Meanwhile, the problem in blue America is precisely the opposite one. There’s too much striving, too much pressure, too much initiative. But as problems go, I’d rather have this one. This is the America that produces the vast majority of our innovators and thinkers and scientists and creative people. This is the America that creates most of the nation’s wealth. Hillary Clinton may have won only 15 percent of the country’s 3,100-odd counties, but the 472 counties she did win account for 64 percent of GDP. This is the America that invents and designs and engineers; the America where there already really is so much winning.
Republicans don’t know this America. They don’t represent it, by and large. Oh, there are a few. Barbara Comstock in northern Virginia, say. Some snuck into those districts in 2010 and 2014, but they’ll mostly lose in 2018, and in presidential-election terms, these counties and districts go Democratic by 12 or 15 points or more (in the recent gubernatorial election in Virginia, Democrat Ralph Northam carried Comstock’s district by 13 points).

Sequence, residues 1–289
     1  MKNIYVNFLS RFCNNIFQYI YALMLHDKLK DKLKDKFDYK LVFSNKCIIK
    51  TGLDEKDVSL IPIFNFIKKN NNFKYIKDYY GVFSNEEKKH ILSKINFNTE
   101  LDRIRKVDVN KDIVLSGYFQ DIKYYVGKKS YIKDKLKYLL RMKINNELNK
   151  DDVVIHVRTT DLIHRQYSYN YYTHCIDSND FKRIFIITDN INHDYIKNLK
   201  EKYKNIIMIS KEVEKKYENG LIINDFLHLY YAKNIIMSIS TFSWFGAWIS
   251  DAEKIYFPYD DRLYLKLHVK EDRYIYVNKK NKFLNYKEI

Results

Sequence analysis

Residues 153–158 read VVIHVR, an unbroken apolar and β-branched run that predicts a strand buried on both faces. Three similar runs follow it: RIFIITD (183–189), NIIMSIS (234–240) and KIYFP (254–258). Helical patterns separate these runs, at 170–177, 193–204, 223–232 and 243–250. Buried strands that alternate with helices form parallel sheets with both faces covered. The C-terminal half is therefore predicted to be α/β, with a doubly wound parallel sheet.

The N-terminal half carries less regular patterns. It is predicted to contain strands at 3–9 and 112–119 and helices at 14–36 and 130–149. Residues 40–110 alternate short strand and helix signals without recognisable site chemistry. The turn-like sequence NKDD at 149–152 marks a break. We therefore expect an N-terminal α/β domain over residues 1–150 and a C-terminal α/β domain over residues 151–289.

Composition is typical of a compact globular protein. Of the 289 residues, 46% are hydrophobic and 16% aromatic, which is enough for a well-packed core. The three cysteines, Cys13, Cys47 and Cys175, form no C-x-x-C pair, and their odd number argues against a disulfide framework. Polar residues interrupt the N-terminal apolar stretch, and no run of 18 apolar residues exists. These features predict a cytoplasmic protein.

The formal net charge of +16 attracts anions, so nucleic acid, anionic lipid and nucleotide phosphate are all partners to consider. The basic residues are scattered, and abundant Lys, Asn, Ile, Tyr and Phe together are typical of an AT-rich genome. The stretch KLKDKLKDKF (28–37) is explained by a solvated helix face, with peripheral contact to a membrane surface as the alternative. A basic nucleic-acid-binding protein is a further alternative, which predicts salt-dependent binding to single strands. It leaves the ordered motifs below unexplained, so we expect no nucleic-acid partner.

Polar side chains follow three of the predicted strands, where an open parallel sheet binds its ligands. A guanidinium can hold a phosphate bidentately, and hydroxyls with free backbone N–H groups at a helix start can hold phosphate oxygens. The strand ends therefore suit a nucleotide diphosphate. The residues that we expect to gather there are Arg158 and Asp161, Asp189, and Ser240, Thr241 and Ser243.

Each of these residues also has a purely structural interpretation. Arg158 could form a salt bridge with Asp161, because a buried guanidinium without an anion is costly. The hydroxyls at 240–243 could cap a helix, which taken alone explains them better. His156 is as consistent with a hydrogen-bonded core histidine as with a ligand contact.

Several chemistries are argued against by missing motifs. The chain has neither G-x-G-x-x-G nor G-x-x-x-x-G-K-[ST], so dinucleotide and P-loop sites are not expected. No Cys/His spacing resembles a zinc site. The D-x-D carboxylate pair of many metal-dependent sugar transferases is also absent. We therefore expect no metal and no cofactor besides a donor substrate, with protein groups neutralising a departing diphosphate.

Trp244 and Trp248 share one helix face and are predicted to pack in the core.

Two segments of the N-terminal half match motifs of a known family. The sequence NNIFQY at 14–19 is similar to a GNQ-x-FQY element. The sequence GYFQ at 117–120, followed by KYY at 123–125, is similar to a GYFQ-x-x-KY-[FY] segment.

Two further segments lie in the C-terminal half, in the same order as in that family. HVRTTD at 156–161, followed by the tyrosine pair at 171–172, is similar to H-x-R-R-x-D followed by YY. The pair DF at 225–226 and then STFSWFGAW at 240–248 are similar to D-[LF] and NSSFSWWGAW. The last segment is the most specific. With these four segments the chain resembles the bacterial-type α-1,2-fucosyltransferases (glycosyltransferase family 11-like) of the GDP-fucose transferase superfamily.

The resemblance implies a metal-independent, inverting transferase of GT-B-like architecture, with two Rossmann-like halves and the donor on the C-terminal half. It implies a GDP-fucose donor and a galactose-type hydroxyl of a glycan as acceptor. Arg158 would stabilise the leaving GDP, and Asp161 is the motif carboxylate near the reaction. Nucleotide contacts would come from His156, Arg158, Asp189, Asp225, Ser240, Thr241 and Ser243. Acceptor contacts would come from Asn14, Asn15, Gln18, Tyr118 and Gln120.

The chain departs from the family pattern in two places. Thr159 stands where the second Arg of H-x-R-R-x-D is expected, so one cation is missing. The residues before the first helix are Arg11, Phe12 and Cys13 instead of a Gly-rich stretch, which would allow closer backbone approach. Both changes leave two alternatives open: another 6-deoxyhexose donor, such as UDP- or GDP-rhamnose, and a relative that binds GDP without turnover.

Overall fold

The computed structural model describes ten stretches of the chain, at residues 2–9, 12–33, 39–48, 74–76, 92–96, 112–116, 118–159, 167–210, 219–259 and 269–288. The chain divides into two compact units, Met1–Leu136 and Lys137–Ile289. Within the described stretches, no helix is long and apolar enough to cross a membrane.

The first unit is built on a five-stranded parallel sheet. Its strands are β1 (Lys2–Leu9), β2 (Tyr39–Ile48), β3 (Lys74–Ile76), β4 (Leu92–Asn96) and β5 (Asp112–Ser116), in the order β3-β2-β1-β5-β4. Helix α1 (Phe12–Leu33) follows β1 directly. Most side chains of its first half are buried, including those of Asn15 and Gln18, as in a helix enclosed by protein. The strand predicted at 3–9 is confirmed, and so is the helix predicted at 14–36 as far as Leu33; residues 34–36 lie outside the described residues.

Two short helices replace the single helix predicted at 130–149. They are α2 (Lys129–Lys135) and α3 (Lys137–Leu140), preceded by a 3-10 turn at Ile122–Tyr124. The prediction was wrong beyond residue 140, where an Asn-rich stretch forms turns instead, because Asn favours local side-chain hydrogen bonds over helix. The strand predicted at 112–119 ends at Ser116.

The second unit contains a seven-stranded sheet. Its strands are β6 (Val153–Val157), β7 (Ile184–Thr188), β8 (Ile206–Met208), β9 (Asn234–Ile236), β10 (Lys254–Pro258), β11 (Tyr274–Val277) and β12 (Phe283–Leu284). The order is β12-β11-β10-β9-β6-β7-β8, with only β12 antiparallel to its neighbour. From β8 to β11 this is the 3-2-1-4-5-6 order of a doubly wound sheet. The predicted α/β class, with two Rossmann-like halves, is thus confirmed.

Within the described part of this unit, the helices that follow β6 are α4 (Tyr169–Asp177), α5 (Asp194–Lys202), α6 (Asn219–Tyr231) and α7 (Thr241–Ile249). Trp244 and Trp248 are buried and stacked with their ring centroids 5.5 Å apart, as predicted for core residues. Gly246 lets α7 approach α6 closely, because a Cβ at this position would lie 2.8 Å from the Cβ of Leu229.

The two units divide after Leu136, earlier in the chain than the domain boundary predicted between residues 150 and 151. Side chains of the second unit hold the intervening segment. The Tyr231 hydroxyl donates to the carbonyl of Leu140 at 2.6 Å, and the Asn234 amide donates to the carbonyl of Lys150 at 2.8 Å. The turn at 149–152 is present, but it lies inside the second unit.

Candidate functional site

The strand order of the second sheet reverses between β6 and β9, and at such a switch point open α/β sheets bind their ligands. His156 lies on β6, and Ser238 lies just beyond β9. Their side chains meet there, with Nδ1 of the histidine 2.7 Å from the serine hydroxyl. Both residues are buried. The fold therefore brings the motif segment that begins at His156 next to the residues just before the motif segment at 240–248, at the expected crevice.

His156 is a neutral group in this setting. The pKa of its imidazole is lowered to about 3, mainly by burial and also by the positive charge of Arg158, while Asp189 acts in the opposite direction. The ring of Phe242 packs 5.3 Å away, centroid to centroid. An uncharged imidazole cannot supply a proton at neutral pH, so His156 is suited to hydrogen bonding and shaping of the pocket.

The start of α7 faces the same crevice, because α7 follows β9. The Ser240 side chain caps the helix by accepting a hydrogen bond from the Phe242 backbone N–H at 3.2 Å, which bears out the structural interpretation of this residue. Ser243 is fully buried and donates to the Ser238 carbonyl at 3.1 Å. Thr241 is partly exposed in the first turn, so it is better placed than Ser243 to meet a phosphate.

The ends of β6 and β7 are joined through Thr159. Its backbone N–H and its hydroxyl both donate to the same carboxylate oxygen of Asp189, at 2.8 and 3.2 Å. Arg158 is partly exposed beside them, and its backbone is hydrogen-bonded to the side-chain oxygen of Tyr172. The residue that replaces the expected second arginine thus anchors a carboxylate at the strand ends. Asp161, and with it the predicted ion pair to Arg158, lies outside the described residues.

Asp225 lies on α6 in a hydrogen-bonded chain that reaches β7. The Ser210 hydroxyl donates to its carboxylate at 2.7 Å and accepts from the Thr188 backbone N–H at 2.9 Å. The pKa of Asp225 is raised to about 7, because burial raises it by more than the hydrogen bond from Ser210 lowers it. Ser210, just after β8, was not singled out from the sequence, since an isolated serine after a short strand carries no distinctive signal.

Republicans know the Americans they represent: rural people and (especially) uber-rich donors. They give rhetoric about religion and values to the rural folk and trillions of dollars to the rich. They don’t know about the awesome dynamism of blue America. Indeed they seek to punish it. To wit, those obscene provisions in the House version of the tax bill that would tax people out of pursuing graduate degrees, which constitute nothing but a petty jab at a class of people whose values they don’t like.
So it’s actually the Republicans who are out of touch—with the most productive people and elements in this society. Of course, they’ll never pay any political price for it, because we’re a bunch of elitists, you see, not like those “real” Americans. Well, take us out of the economy and see how real we are. These blue Americans make the economy work, and we want a government that will make it work for everyone—urban poor and rural people alike—and not the ones at the top the Republicans keep helping over and over.